The industrial sector isn’t just delivering a constant stream of products; it also delivers innovations. If we want to tackle the challenges we face, we need those technological solutions. And we need more of them, not fewer.
by Stefan Hartung
As the world’s industry gathered at Hannover Messe over the past few days, everyone and everything was focused on transformation. The event’s main theme was well chosen, it must be said, as rarely before has it been so topical: the transformation that almost all companies are facing is fundamental and challenging, and climate change means there is no alternative. This trade show was important right now because it highlighted an essential dimension of industry that sometimes disappears from view behind all the clichéd images of coking plants, refineries, and steelworks. All the billowing smoke in those old photos obscures one of the vital contributions industry makes to our prosperity: innovation.
Great innovative power of German industry
When people talk about the importance of industry for Germany, they are usually thinking about the some 7.5 million people employed in manufacturing, or to the good 23 percent that manufacturing contributes to gross value added. What they often fail to appreciate in full is how crucial a role industry plays in Germany’s innovation landscape. In Hannover, this fact was brought firmly, if briefly, to the fore — and quite rightly so. According to the German Economic Institute (IW), a remarkable 86 percent of all patent applications in Germany come from industrial companies and the service providers that work closely with them. The core industrial sector alone accounts for more than 78 percent of patent applications. And this even though the manufacturing industry only employs just under one-quarter of the German workforce.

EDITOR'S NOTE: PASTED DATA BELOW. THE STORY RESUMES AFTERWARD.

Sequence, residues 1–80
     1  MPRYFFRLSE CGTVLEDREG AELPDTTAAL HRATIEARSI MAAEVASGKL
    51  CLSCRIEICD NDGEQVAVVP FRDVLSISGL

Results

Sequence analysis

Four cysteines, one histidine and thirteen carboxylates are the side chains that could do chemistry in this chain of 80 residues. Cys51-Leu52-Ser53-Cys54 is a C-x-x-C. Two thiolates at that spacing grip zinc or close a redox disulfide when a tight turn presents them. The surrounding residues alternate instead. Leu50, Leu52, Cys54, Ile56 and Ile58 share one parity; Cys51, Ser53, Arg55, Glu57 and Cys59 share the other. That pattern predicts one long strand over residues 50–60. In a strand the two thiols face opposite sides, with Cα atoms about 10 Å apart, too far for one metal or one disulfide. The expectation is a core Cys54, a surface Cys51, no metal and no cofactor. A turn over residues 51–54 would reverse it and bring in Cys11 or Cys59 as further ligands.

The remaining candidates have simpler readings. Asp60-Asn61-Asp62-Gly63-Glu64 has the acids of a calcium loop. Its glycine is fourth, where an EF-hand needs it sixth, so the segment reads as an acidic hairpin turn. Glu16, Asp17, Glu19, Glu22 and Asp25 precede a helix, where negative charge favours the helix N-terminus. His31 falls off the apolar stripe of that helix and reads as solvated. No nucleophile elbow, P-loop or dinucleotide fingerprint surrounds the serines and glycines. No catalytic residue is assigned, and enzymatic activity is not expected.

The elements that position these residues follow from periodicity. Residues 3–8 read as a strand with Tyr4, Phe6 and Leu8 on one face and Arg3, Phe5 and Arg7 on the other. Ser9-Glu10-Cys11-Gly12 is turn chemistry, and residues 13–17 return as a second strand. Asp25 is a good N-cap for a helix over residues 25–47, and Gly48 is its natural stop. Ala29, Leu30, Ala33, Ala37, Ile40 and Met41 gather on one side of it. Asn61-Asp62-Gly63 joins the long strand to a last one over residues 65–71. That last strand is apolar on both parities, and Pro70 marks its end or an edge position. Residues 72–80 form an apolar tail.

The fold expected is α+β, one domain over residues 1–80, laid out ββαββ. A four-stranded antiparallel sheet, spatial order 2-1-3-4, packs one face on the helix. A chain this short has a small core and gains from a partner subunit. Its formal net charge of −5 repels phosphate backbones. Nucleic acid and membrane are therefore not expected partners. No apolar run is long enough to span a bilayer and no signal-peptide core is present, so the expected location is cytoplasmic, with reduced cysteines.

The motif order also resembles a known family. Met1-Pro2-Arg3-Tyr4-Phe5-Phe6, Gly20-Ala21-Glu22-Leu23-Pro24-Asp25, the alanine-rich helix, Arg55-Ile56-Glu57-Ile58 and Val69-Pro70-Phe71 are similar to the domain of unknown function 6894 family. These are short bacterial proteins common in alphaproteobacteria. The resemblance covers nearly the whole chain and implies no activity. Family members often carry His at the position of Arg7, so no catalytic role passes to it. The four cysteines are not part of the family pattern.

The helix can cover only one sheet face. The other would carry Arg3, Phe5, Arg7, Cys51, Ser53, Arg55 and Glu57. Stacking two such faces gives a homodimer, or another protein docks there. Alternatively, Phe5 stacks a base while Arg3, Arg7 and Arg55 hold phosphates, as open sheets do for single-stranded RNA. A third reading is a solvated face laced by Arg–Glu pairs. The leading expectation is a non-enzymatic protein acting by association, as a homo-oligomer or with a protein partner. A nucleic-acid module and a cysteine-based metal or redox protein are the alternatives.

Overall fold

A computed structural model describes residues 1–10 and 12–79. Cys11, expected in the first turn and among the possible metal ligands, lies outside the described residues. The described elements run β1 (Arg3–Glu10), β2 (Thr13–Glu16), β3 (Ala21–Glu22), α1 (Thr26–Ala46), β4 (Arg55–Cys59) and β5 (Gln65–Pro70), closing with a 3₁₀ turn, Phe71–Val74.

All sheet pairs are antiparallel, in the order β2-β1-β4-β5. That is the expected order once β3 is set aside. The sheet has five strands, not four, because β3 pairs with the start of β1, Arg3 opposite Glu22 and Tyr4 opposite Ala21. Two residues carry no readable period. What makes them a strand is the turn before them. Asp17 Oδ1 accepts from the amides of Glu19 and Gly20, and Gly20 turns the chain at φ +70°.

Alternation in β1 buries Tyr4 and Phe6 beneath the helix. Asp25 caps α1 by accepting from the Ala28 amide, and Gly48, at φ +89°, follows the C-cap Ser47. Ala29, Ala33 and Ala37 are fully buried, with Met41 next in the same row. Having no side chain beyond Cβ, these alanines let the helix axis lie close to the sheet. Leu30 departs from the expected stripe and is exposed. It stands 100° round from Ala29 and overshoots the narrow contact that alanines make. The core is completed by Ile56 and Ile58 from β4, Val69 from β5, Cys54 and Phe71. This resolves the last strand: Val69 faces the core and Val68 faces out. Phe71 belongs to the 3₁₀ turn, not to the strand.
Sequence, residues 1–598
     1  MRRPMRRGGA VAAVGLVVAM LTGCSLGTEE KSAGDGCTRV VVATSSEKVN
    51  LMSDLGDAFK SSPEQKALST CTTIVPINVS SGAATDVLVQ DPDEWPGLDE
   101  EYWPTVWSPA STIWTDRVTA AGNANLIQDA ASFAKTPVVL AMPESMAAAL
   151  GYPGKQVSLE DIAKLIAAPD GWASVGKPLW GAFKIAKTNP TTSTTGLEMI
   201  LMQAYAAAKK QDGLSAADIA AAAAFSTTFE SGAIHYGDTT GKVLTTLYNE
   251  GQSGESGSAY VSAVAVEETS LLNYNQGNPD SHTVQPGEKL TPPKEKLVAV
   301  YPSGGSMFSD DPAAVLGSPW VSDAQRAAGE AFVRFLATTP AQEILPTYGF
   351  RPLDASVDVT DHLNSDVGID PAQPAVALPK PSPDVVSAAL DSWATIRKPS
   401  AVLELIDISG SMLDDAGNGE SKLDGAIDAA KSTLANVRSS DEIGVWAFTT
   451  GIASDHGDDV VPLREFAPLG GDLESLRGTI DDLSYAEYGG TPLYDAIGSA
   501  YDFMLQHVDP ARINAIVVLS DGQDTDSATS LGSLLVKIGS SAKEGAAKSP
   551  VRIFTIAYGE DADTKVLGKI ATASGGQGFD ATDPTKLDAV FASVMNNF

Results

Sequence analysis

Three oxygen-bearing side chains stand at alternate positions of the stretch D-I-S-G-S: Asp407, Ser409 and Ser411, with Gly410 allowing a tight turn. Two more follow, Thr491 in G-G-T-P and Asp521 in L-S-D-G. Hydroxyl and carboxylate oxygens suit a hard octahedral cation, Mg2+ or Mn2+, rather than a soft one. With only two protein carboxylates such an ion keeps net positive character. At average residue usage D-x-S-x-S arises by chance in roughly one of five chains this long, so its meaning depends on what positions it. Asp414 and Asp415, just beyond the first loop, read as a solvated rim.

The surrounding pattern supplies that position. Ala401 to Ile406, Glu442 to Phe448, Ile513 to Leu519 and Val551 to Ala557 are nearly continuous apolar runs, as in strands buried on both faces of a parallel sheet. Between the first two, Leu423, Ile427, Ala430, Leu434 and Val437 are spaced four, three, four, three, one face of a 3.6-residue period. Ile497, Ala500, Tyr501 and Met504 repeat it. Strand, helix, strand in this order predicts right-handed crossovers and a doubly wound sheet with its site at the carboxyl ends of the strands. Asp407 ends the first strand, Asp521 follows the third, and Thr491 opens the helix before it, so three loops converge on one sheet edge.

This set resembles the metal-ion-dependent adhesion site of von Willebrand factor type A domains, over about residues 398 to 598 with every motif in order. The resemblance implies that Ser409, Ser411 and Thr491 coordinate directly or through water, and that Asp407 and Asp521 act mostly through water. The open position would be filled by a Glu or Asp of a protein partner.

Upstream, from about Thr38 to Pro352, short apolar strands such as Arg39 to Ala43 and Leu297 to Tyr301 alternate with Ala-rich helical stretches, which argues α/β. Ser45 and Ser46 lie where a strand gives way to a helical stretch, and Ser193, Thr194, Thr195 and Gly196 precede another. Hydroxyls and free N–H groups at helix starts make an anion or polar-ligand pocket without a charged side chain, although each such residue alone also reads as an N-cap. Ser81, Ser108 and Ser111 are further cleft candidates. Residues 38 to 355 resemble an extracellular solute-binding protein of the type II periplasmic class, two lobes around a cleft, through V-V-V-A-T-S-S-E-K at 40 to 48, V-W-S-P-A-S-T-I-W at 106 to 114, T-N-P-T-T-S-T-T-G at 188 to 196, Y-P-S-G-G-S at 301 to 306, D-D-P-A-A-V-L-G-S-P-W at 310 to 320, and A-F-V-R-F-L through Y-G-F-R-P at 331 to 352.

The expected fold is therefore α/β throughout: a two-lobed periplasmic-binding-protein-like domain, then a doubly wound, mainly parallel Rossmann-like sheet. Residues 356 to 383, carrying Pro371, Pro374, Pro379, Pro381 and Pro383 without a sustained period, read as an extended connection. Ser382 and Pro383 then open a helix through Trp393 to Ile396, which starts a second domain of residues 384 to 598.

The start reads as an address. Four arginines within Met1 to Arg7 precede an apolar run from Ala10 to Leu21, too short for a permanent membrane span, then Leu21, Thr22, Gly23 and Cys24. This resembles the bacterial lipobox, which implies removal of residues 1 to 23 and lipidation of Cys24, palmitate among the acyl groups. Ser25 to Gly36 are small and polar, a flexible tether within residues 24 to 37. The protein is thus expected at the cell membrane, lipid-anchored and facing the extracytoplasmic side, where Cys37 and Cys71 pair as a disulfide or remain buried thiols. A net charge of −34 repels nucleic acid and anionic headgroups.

of all patent applications in Germany come from industrial companies and closely related service providers
So are we industrial companies a particularly creative bunch? Gifted inventors? Of course, there are such people among us. But this wave of innovation is driven primarily by the considerable upfront investments that manufacturing companies put into the industrial groundwork. According to Stifterverband (the German Association of Donors for the Promotion of Sciences and Humanities), companies invested a total of 98.5 billion euros in research and development in 2019. Manufacturing companies were responsible for a good 85 billion euros of that, with the lion’s share, by the way, coming from the automotive industry.
Billion euro upfront investment required
Of course, companies don’t dole out that kind of money to their development departments for the sheer joy of research. Rather, it’s because they know very well that the only way for Germany’s typically cost-intensive industry to safeguard its successful position is by ensuring its products and processes are among the very best in the world. In the case of Bosch, it took billions of euros in upfront investment to ensure that it will soon be one of the first companies to manufacture sensors for microelectromechanical systems on 300-millimeter wafers at its wafer fab in Dresden. But this is the only way to establish state-of-the-art processes that ensure the European semiconductor industry will still be competitive a few years down the road.